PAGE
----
We in medical research have also been unconscionably apathetic. We have allowed the most extreme animal-rights protesters to seize the initiative and frame the issue as one of “animal fraud.” We have been complacent in our belief that a knowledgeable public would sense the importance of animal research to the public health. Perhaps we have been mistaken in not responding to the emotional tone of the argument created by those sad posters of animals by waving equally sad posters of children dying of leukemia or cystic fibrosis.
Much is made of the pain inflicted on these animals in the name of medical science. The animal-rights activists contend that this is evidence of our malevolent and sadistic nature. A more reasonable argument, however, can be advanced in our defense. Life is often cruel, both to animals and human beings. Teenagers get thrown from the back of a pickup truck and suffer severe head injuries. Toddlers, barely able to walk, find themselves at the bottom of a swimming pool while a parent checks the mail. Physicians hoping to alleviate the pain and suffering these tragedies cause have but three choices: create an animal model of the injury or disease and use that modeI to understand the process and test new therapies; experiment on human beings—some experiments will succeed, most will fail—or finally, leave medical knowledge static, hoping that accidental discoveries will lead us to the advances.
Some animal-rights activists would suggest a fourth choice, claiming that computer models can simulate animal experiments, thus making the actual experiments unnecessary. Computers can simulate, reasonably well, the effects of well-understood principles on complex systems, as in the application of the laws of physics to airplane and automobile design. However, when the principles themselves are in question, as is the case with the complex biological systems under study, computer modeling alone is of little value.
One of the terrifying effects of the effort to restrict the use of animals in medical research is that the impact will not be felt for years and decades: drugs that might have been discovered will not be; surgical techniques that might have been developed will not be, and fundamental biological processes that might have been understood will remain mysteries. There is the danger that politically expedient solutions will be found to placate a vocal minority, while the consequences of those decisions will not be apparent until long after the decisions are made and the decision making forgotten.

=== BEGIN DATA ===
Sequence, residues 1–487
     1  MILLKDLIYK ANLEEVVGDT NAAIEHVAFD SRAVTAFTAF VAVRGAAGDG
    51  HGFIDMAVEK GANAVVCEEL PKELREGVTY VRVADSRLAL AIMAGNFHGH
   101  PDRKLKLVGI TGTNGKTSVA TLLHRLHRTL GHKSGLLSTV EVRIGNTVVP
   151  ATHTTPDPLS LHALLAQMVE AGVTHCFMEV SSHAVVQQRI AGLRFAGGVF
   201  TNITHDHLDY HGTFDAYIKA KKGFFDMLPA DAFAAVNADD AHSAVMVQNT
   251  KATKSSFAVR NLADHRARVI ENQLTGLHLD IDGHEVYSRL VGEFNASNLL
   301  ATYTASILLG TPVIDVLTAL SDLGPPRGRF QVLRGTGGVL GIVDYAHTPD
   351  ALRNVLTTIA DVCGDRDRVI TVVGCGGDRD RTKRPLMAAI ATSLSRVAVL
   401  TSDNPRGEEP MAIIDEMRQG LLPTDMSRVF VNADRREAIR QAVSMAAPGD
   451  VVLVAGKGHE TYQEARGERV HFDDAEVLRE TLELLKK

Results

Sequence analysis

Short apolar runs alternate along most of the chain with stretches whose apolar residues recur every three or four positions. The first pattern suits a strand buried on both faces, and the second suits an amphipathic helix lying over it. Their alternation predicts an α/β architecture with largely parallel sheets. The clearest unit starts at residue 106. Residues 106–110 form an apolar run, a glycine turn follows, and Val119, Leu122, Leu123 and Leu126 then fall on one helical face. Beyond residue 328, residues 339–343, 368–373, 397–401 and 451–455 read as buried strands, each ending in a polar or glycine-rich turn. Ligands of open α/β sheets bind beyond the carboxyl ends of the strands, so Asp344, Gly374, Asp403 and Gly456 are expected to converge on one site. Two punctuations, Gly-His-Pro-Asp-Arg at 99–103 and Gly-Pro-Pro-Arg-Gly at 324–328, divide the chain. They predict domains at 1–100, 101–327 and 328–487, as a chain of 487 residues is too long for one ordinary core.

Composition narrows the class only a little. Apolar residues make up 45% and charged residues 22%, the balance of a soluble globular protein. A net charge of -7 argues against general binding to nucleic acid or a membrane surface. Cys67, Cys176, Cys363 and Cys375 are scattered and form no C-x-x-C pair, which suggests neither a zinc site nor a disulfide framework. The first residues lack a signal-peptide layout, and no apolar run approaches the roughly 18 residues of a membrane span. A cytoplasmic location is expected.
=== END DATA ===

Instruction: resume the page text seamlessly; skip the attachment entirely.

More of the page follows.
Fortunately, most of us enjoy good health, and the trauma of watching one’s child die has become a rare experience. Yet our good fortune should not make us unappreciative of the health we enjoy or the advances that make it possible. Vaccines, antibiotics, insulin and drugs to treat heart disease, hypertension and stroke are all based on animal research. Most complex surgical procedures, such as coronary-artery bypass and organ transplantation, are initially developed in animals. Presently undergoing animal studies are techniques to insert genes in humans in order to replace the defective ones found to be the cause of so much disease. These studies will effectively end if animal research is severely restricted. In America today, death has become an event isolated from our daily existence—out of the sight and thoughts of most of us. As a doctor who has watched many children die, and their parents grieve, I am particularly angered by people capable of so much compassion for a dog or a cat, but with seemingly so little for a dying human being. These people seem so insulated from the reality of human life and death and what it means. Make no mistake, however: I am not advocating the needlessly cruel treatment of animals. To the extent that the animal-rights movement has made us more aware of the needs of these animals, and made us search harder for suitable alternatives, they have made a significant contribution. But if the more radical members of this movement are successful in limiting further research, their efforts will bring about a tragedy that will cost many lives. The real question is whether an apathetic majority can be aroused to protect its future against a vocal, but misdirected, minority.